Whether you have a green thumb when it comes to your home garden, or you can hardly tell the difference between a rose and a weed, you should know that there are certain landscaping tasks that need to be done right to keep your home exterior looking its best.


FALL LANDSCAPING



Timing is everything, especially when it comes to keeping your landscaping top-notch. For instance, autumn is great time to plant trees, but a terrible time for pruning certain shrubs. Don't wait until spring to find out that your fall garden maintenance did more harm than good. Read on to learn what not to do in the garden this fall.



FORGETTING ABOUT SPRING


After a long winter, who wants to wait until April for the first spring flowers? Don't forget to take steps now to make sure your garden gets some early color next year. These cool fall days are ideal for planting bulbs like snowdrops, which look great arranged in small clumps, and crocuses, which are lovely along a walkway or even scattered randomly throughout the lawn. In early spring, when these bright flowers pop up from beneath the snow, you'll know that warm weather can't be far behind.




Compacted clay soil needs to loosen up a bit from time to time, and that's where core aeration comes in. This is commonly done in the spring, but at a cost: Weed seeds love the holes left behind by the aerator. Head off a weed assault by aerating in the fall, when the grass is still growing and weed seeds are minimal.

It's time to get dreamy. Don’t try to convince us that there’s not much to be done with a small yard. Southerners (especially of the green-thumb variety) all know that smaller spaces are oftentimes the ones that are most ripe with potential. We’ve gathered our favorite small backyard ideas that make the most of every square inch—and nothing is off limits. We’ve even pulled a few top-notch ideas from front yards, side yards, and even a patio or two that hold plenty of small backyard landscaping ideas in their own right. You’ll find there’s plenty of space to get growing, no matter how small your spot If you’ve caught a bit of cabin fever or are simply not a fan of winter, you can use this time to start planning this year’s landscaping projects.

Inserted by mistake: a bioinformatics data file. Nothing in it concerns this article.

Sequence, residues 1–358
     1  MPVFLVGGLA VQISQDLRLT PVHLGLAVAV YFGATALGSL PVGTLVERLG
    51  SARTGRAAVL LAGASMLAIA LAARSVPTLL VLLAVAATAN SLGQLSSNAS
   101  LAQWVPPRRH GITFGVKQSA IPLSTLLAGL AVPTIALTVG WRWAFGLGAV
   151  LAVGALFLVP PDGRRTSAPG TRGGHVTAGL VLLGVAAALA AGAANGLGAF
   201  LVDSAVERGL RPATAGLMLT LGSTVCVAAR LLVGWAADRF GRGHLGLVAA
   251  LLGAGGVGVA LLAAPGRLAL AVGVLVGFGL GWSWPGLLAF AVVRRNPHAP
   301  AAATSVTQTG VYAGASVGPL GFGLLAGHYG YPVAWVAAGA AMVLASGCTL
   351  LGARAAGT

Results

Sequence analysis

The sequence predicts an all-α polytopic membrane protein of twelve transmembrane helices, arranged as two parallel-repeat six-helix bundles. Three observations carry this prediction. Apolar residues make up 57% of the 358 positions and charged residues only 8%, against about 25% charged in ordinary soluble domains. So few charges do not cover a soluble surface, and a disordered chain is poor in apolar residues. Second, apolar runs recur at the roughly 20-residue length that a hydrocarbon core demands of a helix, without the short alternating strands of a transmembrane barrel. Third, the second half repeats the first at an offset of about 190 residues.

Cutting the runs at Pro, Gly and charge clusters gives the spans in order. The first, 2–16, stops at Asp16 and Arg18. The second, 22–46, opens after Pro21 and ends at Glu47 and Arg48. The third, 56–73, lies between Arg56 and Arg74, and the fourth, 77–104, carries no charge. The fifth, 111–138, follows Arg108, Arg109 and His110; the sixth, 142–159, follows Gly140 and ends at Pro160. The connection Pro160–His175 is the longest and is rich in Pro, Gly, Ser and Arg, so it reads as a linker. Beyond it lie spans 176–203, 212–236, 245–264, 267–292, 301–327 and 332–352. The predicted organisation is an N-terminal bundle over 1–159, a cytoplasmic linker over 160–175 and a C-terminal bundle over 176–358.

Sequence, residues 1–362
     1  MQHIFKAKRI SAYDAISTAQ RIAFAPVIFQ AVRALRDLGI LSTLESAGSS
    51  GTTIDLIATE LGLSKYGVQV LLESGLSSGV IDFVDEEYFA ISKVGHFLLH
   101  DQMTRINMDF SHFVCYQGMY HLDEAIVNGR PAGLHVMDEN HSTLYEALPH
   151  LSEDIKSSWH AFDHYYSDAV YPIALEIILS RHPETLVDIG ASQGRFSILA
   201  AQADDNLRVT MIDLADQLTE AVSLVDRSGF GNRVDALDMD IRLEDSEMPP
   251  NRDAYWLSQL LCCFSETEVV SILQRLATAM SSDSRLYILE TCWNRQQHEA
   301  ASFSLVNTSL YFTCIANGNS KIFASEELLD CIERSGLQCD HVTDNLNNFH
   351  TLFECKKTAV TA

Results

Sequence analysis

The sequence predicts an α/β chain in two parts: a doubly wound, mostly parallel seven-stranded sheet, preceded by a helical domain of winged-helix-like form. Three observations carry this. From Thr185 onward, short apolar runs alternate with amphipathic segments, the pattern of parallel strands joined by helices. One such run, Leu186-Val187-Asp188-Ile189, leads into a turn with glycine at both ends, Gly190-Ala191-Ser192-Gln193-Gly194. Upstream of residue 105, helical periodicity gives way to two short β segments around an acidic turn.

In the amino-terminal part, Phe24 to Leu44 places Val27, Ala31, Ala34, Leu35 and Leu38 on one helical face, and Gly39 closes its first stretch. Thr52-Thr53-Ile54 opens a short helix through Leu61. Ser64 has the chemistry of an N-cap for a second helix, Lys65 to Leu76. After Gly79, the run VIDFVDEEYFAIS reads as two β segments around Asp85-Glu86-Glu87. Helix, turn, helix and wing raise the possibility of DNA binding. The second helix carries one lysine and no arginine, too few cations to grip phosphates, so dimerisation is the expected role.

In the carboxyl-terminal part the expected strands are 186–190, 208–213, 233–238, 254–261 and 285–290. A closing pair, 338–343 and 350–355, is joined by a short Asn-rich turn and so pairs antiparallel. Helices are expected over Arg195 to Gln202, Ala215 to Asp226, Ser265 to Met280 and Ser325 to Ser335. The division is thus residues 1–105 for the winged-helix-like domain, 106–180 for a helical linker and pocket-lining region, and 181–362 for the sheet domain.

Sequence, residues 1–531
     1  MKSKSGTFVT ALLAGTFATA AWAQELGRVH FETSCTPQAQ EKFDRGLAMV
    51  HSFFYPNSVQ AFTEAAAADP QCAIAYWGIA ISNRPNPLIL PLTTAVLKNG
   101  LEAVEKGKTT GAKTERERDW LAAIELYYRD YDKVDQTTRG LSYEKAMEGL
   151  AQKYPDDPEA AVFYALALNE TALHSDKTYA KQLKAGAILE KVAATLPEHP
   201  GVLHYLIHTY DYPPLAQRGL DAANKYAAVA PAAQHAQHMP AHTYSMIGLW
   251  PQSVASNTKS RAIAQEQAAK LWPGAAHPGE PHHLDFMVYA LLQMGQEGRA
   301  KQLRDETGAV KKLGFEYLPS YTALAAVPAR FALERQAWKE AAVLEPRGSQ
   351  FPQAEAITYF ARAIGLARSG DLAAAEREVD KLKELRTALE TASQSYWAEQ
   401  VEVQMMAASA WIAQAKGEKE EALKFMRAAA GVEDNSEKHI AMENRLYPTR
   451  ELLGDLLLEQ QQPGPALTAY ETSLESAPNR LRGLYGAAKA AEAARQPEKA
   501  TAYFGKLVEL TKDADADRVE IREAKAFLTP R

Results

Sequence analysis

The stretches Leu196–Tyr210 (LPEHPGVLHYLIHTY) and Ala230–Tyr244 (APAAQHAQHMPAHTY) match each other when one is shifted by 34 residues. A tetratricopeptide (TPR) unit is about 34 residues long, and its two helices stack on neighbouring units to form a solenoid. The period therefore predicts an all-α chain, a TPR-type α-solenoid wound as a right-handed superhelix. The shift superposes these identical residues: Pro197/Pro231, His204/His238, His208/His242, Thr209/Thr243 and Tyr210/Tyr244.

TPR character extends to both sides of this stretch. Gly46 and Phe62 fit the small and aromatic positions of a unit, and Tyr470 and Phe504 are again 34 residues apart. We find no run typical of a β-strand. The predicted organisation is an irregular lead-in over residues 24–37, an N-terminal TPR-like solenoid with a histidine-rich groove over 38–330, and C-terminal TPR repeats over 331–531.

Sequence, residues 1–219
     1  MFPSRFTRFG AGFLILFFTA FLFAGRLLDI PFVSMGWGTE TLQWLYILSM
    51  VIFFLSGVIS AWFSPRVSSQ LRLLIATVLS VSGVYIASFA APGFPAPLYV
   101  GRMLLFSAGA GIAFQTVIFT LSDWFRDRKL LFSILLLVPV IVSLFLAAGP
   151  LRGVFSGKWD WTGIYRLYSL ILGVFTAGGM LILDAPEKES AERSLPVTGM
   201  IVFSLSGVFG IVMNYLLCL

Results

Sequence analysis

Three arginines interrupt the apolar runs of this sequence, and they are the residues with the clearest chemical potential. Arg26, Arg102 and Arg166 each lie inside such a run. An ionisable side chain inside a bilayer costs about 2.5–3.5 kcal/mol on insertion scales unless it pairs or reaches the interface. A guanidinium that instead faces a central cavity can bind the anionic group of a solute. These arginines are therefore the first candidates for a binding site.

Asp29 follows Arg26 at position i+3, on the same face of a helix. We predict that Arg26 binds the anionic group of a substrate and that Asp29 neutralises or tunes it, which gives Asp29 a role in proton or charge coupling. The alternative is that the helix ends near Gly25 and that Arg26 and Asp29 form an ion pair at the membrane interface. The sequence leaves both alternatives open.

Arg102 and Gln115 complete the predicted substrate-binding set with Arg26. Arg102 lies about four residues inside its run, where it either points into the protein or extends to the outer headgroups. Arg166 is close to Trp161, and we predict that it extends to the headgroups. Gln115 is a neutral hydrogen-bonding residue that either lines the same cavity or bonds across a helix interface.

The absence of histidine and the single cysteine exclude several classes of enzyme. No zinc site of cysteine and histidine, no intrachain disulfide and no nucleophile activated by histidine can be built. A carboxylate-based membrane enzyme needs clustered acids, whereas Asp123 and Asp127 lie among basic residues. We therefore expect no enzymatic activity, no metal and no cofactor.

Freezing rain and cold temperatures might have been pummeling the region recently. But staying bundled up inside gives homeowners the opportunity to start dreaming of warmer weather that’s just around the corner.


If you’ve caught a bit of cabin fever or are simply not a fan of winter, you can use this time to start planning this year’s landscaping projects.


You’ve got 3 1/2 weeks to plan before the first day of spring, and likely a little bit longer for ideal temperatures. More often than not, a finished landscape that you’re likely to love and enjoy starts with planning.


According to an article by Christopher Starbuck, of MU Extension’s Department of Horticulture, once the use areas of the property are defined, the homeowner should take a closer look at environmental aspects of the property, such as soil drainage, what areas are affected by winter winds, how shade patterns change throughout the year, and consider leaving the area directly south of the house open so sunlight continues to warm the house during the winter.


It’s especially important to know what the climate is always like. The climate, Naylor Landscape Management says, helps “determine what types of plants will look great.” The Garden Continuum explained one of the most common mistakes people make when gardening or landscaping is growing the wrong plants in the wrong region.

There are many DIY landscaping tips, as well as experts online who can help you improve your garden or landscape area.


MarthaStewart.com says before mowing the lawn it is important to reseed after cleaning up winter debris. Removing diseased plants would also be good because it can help the landscaper or gardener relieve compaction and have rich, living soil to assist in plant growth.


The four key stages to cleaning up your landscape for spring includes debris removal, pruning and thinning, soil and bed preparation and finally application treatments. Application treatments for fertilizers or pesticides should be carefully looked at before you apply them to any plant.


It is also important for you to trim any dead branches that might be attached to your plants, as well as remove dead flowers or leaves.


There are lots of ways you can go about landscape cleaning and design. It’s all about the matter of size of area you are trying to cover.

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